The cervical spine (neck) is made up of seven vertebrae with discs in between, C1 – 7. The bony column is surprisingly near the front. Behind this spinal column lies the spinal cord. The cervical spine directly supports the head and rises from the shoulders in a somewhat vulnerable way. The bodies of the cervical vertebrae are smaller but the vertebral foramina are the largest in the spine to allow for the cervical enlargement of the spinal cord. Most of the spinous processes are bifid – split into 2 parts.
As you have read the first two cervical vertebrae differ considerably from the others. C1 – the atlas – is the uppermost vertebra and supports the head. C1 is just a ring of bone. It has no vertebral body or spinal process and articulates with the head allowing us to ‘nod the head’. The second cervical vertebra, C2, is called the axis. It does contain a vertebral body and also contains a peg-like process called the dens which projects up and articulates with the atlas so there is no intervertebral disc between C1 and C2. The dens makes a pivot on which the atlas and the head rotate, as in moving the head to signify ‘no’. The lower cervical spine, C3 – C7, share a more similar pattern. However, C7, or sometimes the one below, is called the vertebra prominens as it has a large spinous process – you can feel it at the base of your neck.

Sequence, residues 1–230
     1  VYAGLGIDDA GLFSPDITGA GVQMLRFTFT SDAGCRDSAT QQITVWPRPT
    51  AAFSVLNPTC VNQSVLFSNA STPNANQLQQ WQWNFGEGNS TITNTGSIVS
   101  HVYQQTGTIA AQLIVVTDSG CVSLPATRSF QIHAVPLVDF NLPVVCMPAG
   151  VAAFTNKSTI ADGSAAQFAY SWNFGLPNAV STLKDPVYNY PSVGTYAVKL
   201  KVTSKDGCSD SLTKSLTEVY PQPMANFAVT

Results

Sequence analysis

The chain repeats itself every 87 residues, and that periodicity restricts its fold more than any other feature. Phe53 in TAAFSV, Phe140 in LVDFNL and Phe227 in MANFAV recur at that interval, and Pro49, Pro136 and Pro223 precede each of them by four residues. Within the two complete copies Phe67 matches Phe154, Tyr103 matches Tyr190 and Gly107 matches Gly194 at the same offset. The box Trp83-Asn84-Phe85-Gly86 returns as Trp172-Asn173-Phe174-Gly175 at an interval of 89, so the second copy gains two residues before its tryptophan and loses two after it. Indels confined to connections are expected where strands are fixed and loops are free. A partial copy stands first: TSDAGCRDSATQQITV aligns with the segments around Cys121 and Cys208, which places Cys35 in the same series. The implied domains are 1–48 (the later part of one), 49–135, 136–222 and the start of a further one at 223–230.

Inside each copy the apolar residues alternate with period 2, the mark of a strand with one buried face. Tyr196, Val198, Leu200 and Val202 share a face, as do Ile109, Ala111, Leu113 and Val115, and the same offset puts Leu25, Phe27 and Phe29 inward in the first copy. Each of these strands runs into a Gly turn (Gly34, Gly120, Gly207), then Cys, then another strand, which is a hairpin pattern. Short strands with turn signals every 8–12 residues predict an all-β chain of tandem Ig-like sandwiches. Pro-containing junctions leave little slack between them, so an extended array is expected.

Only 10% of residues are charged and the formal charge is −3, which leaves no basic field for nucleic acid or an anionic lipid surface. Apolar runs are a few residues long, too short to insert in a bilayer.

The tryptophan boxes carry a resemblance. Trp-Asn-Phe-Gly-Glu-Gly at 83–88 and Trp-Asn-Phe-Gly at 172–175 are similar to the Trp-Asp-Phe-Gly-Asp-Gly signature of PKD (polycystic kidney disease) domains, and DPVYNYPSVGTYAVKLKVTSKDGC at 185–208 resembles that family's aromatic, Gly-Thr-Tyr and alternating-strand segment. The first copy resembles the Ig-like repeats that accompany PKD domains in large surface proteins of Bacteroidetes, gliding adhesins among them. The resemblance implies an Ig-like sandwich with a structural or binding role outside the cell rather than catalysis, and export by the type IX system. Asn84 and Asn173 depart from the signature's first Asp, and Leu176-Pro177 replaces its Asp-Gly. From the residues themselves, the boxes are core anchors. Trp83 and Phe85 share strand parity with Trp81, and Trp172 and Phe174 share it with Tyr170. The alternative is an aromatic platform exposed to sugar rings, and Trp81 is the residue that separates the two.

The neck, when viewed to the side, has a curve – it is convex and bulges out to the front. This is called the cervical lordosis and is the normal curve of the cervical spine. It develops after we are born, when an infant begins to hold its head up right.